Author Topic: Going Electric in Winter  (Read 1455 times)

Offline tomsawyer

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Going Electric in Winter
« on: January 30, 2012, 10:55:25 AM »
Due to the purchase of a new glass top stove that is too wimpy for a rolling boil on 4gal of wort, I was forced to use propane outdoors.  This has probably been good for my beer, however during poor weather it is inconvenient.  I recently saw a 2200W/115V electric heating element online, then ran across the thing in The Homebrew Shop in St Charles IL (shout out to Ed and his crew).  According to the kid working at the shop, he's getting a rolling boil on 5gal batches in 45min, good enough for my purposes.  The thing has temp control and can be dropped in a plastic MLT for mash temp regulation as well.  I'm already envisioning a no-sparge step mash.

In any case, its now part of my brewing paraphernalia.  I haven't tried it yet, might throw it in a pot of water tonight just to see how quickly it works.  This will keep me from having to open the garage door to brew in winter.  The garage sits under two bedrooms in the house (including mine) and its hard to recover proper temperature when you let the heat out.
Lennie
Hannibal, MO

Offline hamiltont

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Re: Going Electric in Winter
« Reply #1 on: January 30, 2012, 12:33:19 PM »
Looking forward to your product review.  Cheers!!!
If Homebrew & BBQ aren't the answer, then you're askin' the wrong questions... Cheers!!!

Offline tomsawyer

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Re: Going Electric in Winter
« Reply #2 on: January 30, 2012, 12:35:36 PM »
Will do, and thanks.  The item is a Brewers Best brand, distributed by LD Carlson.
Lennie
Hannibal, MO

Offline tomsawyer

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Re: Going Electric in Winter
« Reply #3 on: February 01, 2012, 07:53:47 AM »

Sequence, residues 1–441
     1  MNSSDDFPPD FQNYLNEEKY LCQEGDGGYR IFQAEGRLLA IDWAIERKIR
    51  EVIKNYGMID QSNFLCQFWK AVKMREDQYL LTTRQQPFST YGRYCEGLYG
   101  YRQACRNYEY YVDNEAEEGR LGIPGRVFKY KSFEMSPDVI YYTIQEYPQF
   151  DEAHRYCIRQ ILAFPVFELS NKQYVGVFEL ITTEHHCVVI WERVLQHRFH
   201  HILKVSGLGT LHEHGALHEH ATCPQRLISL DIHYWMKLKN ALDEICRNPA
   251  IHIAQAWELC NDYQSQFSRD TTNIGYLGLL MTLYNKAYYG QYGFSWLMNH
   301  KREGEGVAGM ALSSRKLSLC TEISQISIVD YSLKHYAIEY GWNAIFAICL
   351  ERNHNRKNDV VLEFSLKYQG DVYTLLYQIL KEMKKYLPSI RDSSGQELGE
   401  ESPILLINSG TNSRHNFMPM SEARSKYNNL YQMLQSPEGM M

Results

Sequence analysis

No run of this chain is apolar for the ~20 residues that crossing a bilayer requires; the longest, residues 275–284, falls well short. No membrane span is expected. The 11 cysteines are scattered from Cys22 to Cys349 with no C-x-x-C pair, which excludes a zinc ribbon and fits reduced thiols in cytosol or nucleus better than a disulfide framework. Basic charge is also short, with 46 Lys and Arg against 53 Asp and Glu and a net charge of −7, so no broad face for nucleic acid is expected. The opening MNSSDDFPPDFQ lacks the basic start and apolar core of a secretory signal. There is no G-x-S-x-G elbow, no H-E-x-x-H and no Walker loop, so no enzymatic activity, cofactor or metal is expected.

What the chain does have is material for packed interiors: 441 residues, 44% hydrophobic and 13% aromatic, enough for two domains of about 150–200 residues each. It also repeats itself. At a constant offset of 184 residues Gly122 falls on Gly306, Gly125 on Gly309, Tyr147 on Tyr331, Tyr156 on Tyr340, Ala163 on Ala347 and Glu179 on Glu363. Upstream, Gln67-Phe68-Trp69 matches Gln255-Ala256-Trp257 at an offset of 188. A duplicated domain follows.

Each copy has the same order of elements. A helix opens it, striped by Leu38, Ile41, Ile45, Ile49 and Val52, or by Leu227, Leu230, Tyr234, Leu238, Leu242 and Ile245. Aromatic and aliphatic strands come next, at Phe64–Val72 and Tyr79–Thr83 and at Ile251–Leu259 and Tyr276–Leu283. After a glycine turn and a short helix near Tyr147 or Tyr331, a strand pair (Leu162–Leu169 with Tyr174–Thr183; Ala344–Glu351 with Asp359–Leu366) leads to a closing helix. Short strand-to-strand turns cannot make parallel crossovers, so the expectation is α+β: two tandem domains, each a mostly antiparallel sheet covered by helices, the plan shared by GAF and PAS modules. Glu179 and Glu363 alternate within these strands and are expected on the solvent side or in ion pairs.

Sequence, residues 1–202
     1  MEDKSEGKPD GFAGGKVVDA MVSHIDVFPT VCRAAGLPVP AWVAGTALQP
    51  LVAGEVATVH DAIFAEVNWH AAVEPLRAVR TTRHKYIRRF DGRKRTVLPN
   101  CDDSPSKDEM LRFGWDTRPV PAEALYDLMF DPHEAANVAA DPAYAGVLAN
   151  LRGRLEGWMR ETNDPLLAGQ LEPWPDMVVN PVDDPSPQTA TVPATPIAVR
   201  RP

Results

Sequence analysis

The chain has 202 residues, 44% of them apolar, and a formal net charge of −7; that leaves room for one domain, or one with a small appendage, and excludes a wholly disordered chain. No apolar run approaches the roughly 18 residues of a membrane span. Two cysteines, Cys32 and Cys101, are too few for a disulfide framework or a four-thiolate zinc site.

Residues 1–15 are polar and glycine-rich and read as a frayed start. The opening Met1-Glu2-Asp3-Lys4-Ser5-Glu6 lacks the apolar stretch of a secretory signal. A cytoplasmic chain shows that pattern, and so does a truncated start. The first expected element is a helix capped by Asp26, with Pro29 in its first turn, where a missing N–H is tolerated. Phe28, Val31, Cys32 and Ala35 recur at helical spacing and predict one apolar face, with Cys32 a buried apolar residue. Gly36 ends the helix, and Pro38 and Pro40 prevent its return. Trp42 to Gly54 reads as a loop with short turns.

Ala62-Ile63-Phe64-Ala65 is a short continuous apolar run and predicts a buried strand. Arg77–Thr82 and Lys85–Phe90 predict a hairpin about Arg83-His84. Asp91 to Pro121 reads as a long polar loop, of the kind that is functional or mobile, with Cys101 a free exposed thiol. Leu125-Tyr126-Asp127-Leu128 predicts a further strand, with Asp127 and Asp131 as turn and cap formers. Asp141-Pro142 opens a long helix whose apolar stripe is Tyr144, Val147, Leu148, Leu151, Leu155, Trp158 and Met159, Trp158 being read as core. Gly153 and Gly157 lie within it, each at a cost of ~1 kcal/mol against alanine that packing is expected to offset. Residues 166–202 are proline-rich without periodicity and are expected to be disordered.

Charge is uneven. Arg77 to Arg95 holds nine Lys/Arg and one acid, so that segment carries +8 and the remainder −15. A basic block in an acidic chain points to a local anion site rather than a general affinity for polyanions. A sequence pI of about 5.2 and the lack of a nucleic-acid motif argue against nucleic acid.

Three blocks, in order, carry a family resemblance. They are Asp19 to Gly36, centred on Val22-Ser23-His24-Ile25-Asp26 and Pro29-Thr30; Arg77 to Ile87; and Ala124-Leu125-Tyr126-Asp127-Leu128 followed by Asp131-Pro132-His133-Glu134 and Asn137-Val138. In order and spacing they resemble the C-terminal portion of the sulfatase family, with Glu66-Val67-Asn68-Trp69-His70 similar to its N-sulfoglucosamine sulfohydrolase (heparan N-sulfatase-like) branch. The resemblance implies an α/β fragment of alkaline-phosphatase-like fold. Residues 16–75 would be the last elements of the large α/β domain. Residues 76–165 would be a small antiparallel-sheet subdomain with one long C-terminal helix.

I got the chance to test out the element this morning.  I used my 8gal SS kettle, sitting on a cast iron trivet of sorts.  I started with 6.5gal of warm water, 110F.  This is s common preboil volume for a 5gal AG batch.  I took the following measurements:

20min = 155F
30min = 175F
40min = 185F
50min = 195F
60min = 205F
70min = 212F

The 155F is the average temp of a mash runoff so that might be considered time zero for purposes of boiling.  It therefore took about 50minutes to bring this to a boil.  The boil was moderately vigorous, I would have liked it to be stronger but I'll have to judge that with wort rather than water.  It was adequate though. 

One thing that did concern me, was that right at the end of the test the unit tripped the 20amp breaker.  The outlet is in the kitchen and the breaker serves the kitchen and den.  Its not where I'm wanting to use this, so I suppose I'll just have to watch what items are on the circuit I'm wanting to use
Lennie
Hannibal, MO

Offline gymrat

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Re: Going Electric in Winter
« Reply #4 on: February 01, 2012, 08:25:19 AM »
2200 watts is pretty much the maximum that breaker can handle. If anything else at all is running on that circuit the breaker will trip. Personally I would also be concerned about what gauge of wiring you have in your home. If it is 14 like a lot of older houses used it might be getting awfully hot inside your walls. With that kind of current even 12 might be getting rather warm. I know some hair dryers pull this kind of current but you aren't using a hair dryer for a couple hours on end. I believe I will stick with my propane burner.